Lesions of the lateral parabrachial nucleus block the aversive motivational effects of both morphine and morphine withdrawal but spare morphine's discriminative properties.
ABSTRACT This study examined if the aversive properties of morphine, the aversive properties of morphine withdrawal, and the discriminative properties of morphine are mediated by common neurobiological substrates. Lesions of the lateral parabrachial nucleus, which blocked the aversive properties of morphine in the conditioned taste aversion paradigm, also blocked the acquisition of conditioned place aversions to environments paired with the aversive properties of morphine withdrawal in morphine-dependent rats. When morphine and saline were used as cues in a discrimination task, however, both sham-operated and lesioned rats were able to solve the task.
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ABSTRACT: The lateral parabrachial complex has been related to various emotional-affective processes. It has been shown that electrical stimulation of the external lateral parabrachial (LPBe) nucleus can induce reinforcing effects in place preference and taste discrimination tasks but does not appear to support self-stimulation. This study examined the relative relevance of place and taste stimuli after electrical stimulation of the LPBe nucleus. A learning discrimination task was conducted that simultaneously included both sensory indexes (taste and place) in order to determine the preference of animals for one or the other. After a taste stimulus reversal task, the rewarding effect of stimulation was found to be preferentially associated with place. These results are discussed in the context of the rewarding action and biological constraints induced by different natural and artificial reinforcing agents.Neurobiology of Learning and Memory 01/2013; · 3.33 Impact Factor
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ABSTRACT: Orexin (or hypocretin) is synthesized exclusively in dorsomedial, perifornical, and lateral hypothalamus (LH). These neurons are implicated in several functions, including reward processing. We examined the ventral tegmental area (VTA) as a possible site of orexin action for drug preference during protracted morphine abstinence, and studied functional topography of orexin projections to VTA. Male Sprague Dawley rats were used to investigate whether orexin cells that project to VTA exhibit Fos activation with morphine conditioned place preference (CPP), and whether these cells exhibit increased Fos with morphine CPP during protracted abstinence. Unilateral injections of a retrograde tracer (WGA-Au, 350-400 nl) were made into the VTA or a nonreward area, locus ceruleus, and morphine or placebo pellets were implanted for 14 d. Approximately 2 weeks after pellet removal (post dependence), CPP conditioning and testing were conducted. Triple labeling for WGA-Au, Fos, and orexin revealed that the percentage of VTA-projecting orexin neurons Fos activated on the CPP test day significantly increased in post-dependent (vs nondependent) rats, and was exclusive to LH orexin neurons (not dorsomedial or perifornical). Post-dependent animals showed a positive correlation between CPP scores and percentages of Fos-activated, caudal VTA-projecting LH orexin cells. Unlike afferents to caudal VTA, percentages of rostral VTA-projecting, LH orexin cells that were Fos activated showed a positive correlation with CPP only in nondependent animals. Fos in LC-projecting orexin cells was not correlated with CPP in any group. These results indicate that VTA is a heterogeneous and functionally significant target of orexin neurons for morphine reward during protracted abstinence.Journal of Neuroscience 03/2012; 32(11):3809-17. · 6.91 Impact Factor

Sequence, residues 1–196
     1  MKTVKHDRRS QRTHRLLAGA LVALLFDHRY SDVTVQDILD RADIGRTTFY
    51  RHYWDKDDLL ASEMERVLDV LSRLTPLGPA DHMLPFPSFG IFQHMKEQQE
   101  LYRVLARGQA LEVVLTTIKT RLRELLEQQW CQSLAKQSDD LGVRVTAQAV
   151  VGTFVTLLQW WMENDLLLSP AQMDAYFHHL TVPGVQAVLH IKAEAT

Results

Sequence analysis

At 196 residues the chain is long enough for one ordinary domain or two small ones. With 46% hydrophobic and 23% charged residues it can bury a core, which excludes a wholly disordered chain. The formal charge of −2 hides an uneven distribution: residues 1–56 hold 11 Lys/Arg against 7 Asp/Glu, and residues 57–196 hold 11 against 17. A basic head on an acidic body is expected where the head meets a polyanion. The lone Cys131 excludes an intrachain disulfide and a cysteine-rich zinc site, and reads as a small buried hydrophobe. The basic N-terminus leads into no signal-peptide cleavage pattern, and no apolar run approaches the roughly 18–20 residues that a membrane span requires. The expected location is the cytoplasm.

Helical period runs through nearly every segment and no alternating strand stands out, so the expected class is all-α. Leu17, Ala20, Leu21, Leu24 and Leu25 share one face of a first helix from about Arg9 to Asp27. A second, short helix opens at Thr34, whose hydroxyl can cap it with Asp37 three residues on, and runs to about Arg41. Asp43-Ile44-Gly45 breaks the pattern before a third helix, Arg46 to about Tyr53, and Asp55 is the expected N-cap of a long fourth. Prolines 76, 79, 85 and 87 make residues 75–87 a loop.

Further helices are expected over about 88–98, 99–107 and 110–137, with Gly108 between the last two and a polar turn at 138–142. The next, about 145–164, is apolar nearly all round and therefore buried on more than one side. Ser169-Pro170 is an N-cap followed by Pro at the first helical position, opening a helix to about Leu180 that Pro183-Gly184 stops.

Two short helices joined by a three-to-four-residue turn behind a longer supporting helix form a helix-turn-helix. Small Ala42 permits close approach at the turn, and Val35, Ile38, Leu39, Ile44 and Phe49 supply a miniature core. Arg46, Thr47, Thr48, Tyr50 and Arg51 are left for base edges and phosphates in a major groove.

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ABSTRACT: The insular cortex has been related to various sensory, regulatory, and learning processes, which frequently include affective-emotional components. The objective of this study was to investigate the possibility of inducing reinforcing effects by electrical stimulation of this cortical region in Wistar rats. Concurrent conditioned place preference tasks were conducted for this purpose, using two rectangular mazes that differed in dimensions, texture, and spatial orientation. A significant correlation was found in the preferences induced by insular cortex electrical stimulation between the two mazes. Animals showed consistent preference or avoidance behaviors associated with simultaneous insular cortex stimulation. No electrical self-stimulation was achieved. In a second experiment, animals that showed consistent place preference after the simultaneous insular cortex electrical stimulation were administered with 4 mg/ml/kg of naloxone. The results revealed that this opiate antagonist blocked concurrent place preference learning when the task was conducted in a new maze but not when it was conducted in the same maze as that in which the animals had learned the task. These results are discussed in terms of the participation of the insular cortex in various reward and aversion modalities.Experimental Brain Research 02/2013; · 2.22 Impact Factor